If the BLTouch encounters an issue during the self-test process, it ends up going to alarm mode and lets us know that there is a problem by continuously flashing the red LED indicator, as opposed to the solid red color that we should observe while the BLTouch is idle.
This way, instead of finding out that there is an issue with the BLTouch after starting the printing process, we know that the auto bed leveling won’t be working as intended long before we move on to the print, which allows us to fix the problem.
How to Trigger the BLTouch Self Test?
Since ensuring that the BLTouch passes the self-test sequence before starting the printing process is paramount for a successful print, we highly recommend triggering the BLTouch self-test before printing if it doesn’t trigger automatically for some reason.
You can trigger the BLTouch self-test sequence by either power cycling the sensor, as the self-test should run whenever the sensor powers on for the first time, or with the G-code command to initiate the self-test process when you can’t get the self-test to run after a power cycle.
To power cycle the BLTouch, you can turn your printer off and on, which will cause the BLTouch to initiate the self-test process as it loses and regains power due to the printer powering down and up.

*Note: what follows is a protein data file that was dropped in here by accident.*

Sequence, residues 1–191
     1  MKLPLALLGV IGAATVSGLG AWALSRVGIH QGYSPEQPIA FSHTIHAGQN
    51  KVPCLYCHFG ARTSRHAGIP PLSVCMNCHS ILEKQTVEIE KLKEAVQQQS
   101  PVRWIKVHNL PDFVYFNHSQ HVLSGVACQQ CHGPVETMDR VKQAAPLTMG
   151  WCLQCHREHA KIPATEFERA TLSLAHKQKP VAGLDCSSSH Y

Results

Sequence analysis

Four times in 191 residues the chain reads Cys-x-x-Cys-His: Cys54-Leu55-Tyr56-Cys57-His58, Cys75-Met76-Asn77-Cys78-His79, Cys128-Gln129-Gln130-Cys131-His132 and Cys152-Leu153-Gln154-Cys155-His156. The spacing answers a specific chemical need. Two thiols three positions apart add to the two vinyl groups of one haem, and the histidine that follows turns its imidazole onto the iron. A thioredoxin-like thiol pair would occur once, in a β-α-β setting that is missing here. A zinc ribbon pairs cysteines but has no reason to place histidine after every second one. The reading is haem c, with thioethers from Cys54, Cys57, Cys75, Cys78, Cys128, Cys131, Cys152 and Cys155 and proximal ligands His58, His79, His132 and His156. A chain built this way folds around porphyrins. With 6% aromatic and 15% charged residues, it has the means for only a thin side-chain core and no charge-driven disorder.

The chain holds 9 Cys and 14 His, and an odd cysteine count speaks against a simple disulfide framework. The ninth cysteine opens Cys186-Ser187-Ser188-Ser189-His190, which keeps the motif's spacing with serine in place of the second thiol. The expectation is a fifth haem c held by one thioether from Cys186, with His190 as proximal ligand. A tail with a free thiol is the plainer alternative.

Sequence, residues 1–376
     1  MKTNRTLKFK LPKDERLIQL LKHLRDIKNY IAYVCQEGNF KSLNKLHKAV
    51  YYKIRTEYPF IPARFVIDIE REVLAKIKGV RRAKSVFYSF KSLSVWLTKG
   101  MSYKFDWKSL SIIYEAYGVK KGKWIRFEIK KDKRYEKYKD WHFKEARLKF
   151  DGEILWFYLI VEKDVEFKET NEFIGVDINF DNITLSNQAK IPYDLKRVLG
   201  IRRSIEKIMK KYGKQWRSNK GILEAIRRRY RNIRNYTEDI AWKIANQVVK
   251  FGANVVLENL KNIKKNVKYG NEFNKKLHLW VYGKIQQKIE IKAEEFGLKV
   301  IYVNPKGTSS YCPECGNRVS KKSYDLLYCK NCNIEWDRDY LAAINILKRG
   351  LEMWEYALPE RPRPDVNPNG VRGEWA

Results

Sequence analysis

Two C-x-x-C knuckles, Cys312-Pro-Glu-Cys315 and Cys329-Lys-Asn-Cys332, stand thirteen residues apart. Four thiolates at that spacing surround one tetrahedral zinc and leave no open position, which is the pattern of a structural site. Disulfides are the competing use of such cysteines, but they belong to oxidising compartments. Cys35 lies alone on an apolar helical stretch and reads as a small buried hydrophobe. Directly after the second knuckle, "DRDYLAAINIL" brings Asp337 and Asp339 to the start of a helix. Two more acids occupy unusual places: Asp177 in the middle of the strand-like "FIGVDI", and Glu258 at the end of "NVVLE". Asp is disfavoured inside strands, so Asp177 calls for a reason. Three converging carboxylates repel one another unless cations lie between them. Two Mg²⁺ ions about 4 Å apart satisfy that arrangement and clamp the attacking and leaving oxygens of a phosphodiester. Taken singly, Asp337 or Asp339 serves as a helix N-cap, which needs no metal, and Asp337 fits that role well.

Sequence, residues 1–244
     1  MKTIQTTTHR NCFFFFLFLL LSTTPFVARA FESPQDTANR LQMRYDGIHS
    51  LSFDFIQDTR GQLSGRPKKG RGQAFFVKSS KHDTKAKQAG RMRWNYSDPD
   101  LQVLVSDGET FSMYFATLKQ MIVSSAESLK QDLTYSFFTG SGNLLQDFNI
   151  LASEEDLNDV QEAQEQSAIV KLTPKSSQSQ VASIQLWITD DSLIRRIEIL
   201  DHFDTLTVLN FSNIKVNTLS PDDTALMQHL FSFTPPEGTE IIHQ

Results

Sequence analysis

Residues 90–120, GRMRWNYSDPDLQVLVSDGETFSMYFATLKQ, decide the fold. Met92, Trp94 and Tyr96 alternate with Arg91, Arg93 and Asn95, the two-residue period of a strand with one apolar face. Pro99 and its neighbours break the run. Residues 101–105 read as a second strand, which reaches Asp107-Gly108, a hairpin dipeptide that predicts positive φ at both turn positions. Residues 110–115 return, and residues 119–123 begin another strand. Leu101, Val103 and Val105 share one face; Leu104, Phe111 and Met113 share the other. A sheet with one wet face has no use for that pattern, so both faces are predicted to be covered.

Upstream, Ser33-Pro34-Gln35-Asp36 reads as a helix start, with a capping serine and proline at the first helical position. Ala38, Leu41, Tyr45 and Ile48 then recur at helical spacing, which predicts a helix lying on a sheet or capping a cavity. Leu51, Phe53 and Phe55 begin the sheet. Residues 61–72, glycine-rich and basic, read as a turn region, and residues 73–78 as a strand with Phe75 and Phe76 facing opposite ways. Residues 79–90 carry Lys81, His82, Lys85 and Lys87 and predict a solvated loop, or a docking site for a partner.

On the other hand, to trigger the BLTouch self-test with G-code, you will need to send the G-code M280 P0 S120 (for Marlin Firmware) to your 3D printer, which will immediately put the BLTouch in the self-test mode.
In this case, the M280 G-code is Marlin Firmware’s Servo Position command that allows us to set or get the position of a servo, P0 is the index of the servo (BLTouch sensor), and S120 is the servo position.
For the BLTouch, the servo position of 120 degrees corresponds to invoking the self-test feature of the BLTouch, and it’s possible to use different servo positions for issuing other commands to the BLTouch, such as S90 to pull the push-pin up or S160 for an alarm release.
BLTouch Fails Self Test – What to Do?